“Oh, fuck you, Berg!” she screamed, “Stop being a pissy little bitch, disturbing everyone because you couldn't beat me! Good fucking God, a neutered dog has more inches than you!”
There was a chorus of assent as she said this, “See? Even the goddamn Republicans agree!”
The music continued to play and she said, “When any one of you get the news that Juhani Otso Berg's balls have dropped, please let me know? So I can kick them so hard, they come flying out of his nostrils?”
She locked her door and walked down the corridor and descended down a flight of steps.
“Going somewhere?” asked her neighbour, who was sorting through some of his mail.
“Mike,” Amanda said in greeting, “Hi, er... I'm getting sick of sitting about, so I thought I'd walk around aimlessly outside.”
“Productive,” he said, “Let me know how that works out for you,” he paused, listening to the pounding music, “First princess and now emperor? I think Berg really likes you.”
“I think my fist is going to really like his face,” Amanda said, “and my knee, his groin.”
Mike laughed, “Amanda, he's just a sore loser. He's upset because people still talk about Daniel Cross, and now he's furious that Daniel's English-teacher girlfriend gave him what-for. Just enjoy the popularity or ignore it.”
“It's hard, Mike,” Amanda said.
“I might just buy myself a crown if he keeps coronating me.”
“Which reminds me,” Mike took a hat off the desk next to him, “You left it in the cafeteria the other day.”
“Thanks, and do me a favour,” she said, putting her hat on her head, “if you see anyone hanging around my place, please stop them from sabotaging my idyllic room. It's music now, but I see a lot of hate-crime-worthy pranking in my future.”
Mike snorted, “You have my word, your Highness.”
Amanda laughed, doffed her hat and left the lobby.
She stuffed her hands in her pockets and regretted not wearing the coat. The cold was refreshing though, it reminded her of home somewhat. She sighed and gave in to a whim, stepped into a coffee shop and bought a cup of tea. She felt the warmth spread through her as she drank it.
This was something Amanda May would do.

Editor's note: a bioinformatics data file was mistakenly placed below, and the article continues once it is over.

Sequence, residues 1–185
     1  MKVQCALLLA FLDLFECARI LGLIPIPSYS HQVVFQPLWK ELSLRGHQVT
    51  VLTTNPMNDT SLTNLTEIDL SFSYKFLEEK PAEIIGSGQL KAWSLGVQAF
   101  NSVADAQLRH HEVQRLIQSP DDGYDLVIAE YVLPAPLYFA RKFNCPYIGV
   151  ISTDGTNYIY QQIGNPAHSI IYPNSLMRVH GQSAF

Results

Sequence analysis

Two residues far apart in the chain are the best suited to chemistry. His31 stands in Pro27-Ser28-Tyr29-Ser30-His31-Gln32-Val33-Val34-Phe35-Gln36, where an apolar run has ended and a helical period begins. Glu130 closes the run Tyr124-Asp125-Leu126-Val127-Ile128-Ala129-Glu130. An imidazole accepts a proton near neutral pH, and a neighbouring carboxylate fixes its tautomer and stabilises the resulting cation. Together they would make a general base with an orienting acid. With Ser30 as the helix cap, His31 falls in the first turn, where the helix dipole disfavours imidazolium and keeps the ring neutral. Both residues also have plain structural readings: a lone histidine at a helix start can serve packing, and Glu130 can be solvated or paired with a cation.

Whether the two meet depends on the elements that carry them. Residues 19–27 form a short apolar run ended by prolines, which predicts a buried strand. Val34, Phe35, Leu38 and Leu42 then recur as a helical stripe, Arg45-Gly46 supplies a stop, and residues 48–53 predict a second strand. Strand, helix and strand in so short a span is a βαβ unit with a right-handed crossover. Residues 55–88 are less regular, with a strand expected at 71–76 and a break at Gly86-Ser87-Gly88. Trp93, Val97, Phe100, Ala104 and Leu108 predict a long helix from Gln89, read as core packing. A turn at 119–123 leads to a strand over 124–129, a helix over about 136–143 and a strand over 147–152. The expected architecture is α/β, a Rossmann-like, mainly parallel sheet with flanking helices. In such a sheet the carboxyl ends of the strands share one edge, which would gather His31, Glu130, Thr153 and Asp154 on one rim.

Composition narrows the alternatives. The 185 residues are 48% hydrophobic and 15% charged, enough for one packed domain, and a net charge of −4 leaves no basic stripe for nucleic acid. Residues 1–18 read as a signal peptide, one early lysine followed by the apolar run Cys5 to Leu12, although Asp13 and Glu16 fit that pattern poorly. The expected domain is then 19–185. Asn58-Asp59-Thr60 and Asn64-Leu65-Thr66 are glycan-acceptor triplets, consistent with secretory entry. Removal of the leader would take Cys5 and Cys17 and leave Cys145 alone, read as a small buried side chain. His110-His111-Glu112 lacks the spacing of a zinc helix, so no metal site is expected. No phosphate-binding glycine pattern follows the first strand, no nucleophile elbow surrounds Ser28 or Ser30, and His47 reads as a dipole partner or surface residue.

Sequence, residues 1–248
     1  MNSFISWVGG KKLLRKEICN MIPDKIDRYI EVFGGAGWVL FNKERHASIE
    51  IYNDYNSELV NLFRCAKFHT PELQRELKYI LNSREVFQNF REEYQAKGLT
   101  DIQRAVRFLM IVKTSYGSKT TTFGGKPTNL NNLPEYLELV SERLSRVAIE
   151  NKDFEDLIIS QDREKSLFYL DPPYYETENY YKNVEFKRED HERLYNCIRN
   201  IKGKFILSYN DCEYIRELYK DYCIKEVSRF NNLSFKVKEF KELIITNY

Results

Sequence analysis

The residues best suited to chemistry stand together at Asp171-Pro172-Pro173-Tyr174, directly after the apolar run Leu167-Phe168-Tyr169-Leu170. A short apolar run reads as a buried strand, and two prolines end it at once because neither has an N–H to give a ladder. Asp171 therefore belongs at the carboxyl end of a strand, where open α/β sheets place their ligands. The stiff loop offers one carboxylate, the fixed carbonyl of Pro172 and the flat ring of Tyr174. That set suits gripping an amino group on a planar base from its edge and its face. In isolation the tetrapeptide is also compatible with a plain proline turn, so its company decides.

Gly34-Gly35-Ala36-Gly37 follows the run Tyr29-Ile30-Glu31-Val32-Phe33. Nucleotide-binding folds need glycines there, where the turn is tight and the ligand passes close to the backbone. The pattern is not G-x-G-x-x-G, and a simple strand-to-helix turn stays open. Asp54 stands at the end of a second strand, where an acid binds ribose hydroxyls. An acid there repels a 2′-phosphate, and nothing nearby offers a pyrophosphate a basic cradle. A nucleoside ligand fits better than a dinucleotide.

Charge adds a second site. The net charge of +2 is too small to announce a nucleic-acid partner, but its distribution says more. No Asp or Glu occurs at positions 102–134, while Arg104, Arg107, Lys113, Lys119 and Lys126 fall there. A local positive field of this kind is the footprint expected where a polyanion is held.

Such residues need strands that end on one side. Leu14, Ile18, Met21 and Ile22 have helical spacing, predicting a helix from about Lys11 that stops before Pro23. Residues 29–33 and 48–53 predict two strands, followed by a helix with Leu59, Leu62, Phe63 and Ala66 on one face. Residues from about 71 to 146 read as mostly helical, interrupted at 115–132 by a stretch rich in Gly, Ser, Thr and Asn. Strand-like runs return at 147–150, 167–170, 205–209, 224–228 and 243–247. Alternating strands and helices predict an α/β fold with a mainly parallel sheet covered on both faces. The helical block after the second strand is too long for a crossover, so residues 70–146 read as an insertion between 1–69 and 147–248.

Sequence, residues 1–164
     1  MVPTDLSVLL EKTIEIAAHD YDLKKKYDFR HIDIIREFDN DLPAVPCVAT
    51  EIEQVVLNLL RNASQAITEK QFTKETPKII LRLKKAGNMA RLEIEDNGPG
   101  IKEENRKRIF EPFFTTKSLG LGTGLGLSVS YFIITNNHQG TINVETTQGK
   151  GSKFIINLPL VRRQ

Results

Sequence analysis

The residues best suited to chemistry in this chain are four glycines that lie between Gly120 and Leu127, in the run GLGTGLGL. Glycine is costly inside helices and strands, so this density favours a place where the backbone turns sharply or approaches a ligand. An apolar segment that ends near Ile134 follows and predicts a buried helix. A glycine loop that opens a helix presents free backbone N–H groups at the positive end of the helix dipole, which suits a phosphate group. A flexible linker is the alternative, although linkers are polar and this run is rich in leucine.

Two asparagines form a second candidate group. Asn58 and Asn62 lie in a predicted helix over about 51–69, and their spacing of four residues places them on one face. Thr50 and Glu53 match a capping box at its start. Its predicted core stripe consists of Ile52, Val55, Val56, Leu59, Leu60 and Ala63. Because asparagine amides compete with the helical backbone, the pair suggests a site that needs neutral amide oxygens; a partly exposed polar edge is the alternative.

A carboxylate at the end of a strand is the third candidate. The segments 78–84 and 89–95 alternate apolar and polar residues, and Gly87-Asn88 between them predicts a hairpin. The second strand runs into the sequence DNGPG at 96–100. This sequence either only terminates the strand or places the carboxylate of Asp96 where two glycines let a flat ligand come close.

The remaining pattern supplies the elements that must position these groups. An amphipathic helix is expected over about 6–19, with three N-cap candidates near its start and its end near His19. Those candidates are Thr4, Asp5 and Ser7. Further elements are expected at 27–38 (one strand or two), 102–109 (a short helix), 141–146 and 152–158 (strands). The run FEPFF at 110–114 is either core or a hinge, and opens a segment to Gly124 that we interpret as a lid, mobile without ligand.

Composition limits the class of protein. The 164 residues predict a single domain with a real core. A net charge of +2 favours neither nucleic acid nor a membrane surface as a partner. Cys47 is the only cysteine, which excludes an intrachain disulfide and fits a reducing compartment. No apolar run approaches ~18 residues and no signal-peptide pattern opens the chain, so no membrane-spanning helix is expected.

Walk around the streets in shorts - mid-November - and buy tea to warm up.
She went around to look for Dr Sung's Italian restaurant, and found one as she had described - a few blocks down, big red sign that you couldn't miss if you were blind.
Wouldn't it have been so much easier to just give a name?
But Amanda knew why she hadn't. Dr Sung wanted a private conversation, and she didn't want to be followed by a jealous bitch like Berg.
Amanda stepped into the restaurant, finding half the place empty.
“Ah, Amanda,” Dr Sung's voice reached her, “You're early.”
“This place is so nice, but it's so empty,” Amanda commented.
“It usually opens around 7 pm. Before that, only members get in,” Dr Sung showed her a card, “Sit. Order whatever you like and however much, the bill is set on a monthly basis.”
“Wait...” Amanda said, “Seriously?”
Dr Sung gestured for her to sit down, “As serious as serious gets.”
A well-dressed waiter passed them and handed them their menus. He greeted them and told them about the specials.
Amanda put in her order - food enough to feed a horse - and handed him the menu. Dr Sung chuckled and ordered something much, much lighter.
“Maybe I should have ordered up some fish and chips again,” Dr Sung joked.
Amanda blushed, “Are you sure this is no hassle?”
“No hassle at all,” said the doctor, “Daniel came here a few times with me. And I assure you: he ate a lot more.”
Amanda smiled, “You really had a soft spot for him, didn't you?”
“He'd been my most frequent patient for the last decade or so. You could say I learned to connect with him,” Dr Sung gazed at Amanda, “I see a lot of him in you.”
Amanda paused, “Really?”
“It's not at all a bad thing, Amanda. Yes, Daniel had some very awful traits, but he did have some good ones also. He was a confused man, one whose mind had been severely tampered with,” the doctor looked at her hands, “But some of his best qualities are in you. Sensitivity. Wit. Determination. Loyalty.”
“I feel like I'm... picking up his bad qualities as well.”
“Correct me if I'm wrong, Amanda, but you've been through Hell and High Water these last few months. That's not Daniel rubbing off on you, that's just you being frustrated and trying to focus all your energies on something other than your more sensitive emotions. You substitute sorrow for anger, words of regret and longing for strong words of rebuke. I believe it will pass, with time.”
“But... this person... this person with all the bruises on her face and the muscular body... that isn't me. That isn't who I was.”
“The person you used to be can't survive in the world you've stepped into. Amanda, you're just adapting. It's normal.”
Amanda furrowed her brows and sighed, “I just... I feel so out of place, so strange... I don't want to fight with people, hunt down conspiracies and become this... thing that does that. But the desire to just submit to it becomes... so much more tempting. It scares me.”
“Don't let the adrenaline and endorphins get the better of you, Amanda. You are a good person, I believe that. Just remember it, when the temptation strikes you.”
“Thank you, Dr Sung,” Amanda said.
Dr Sung smiled and said, “I heard your coronation this morning.”
“I think the whole state of Pennsylvania might have heard that.”
Dr Sung laughed, “I know you feel bad about beating Mr Berg up - subconsciously. But he had it coming. And I firmly believe that Daniel wouldn't have missed it for the world, if he was here.”
“When... when am I going to stop feeling like a stranger?”
“When you've given your mind enough time to catch up with the changes in your body and your environment. When you accept that this,” she gestured to Amanda, “is now who you are, and the Templar way and purpose is what defines you.”
“Do you think it defines me?”
“That's not a question I can answer.”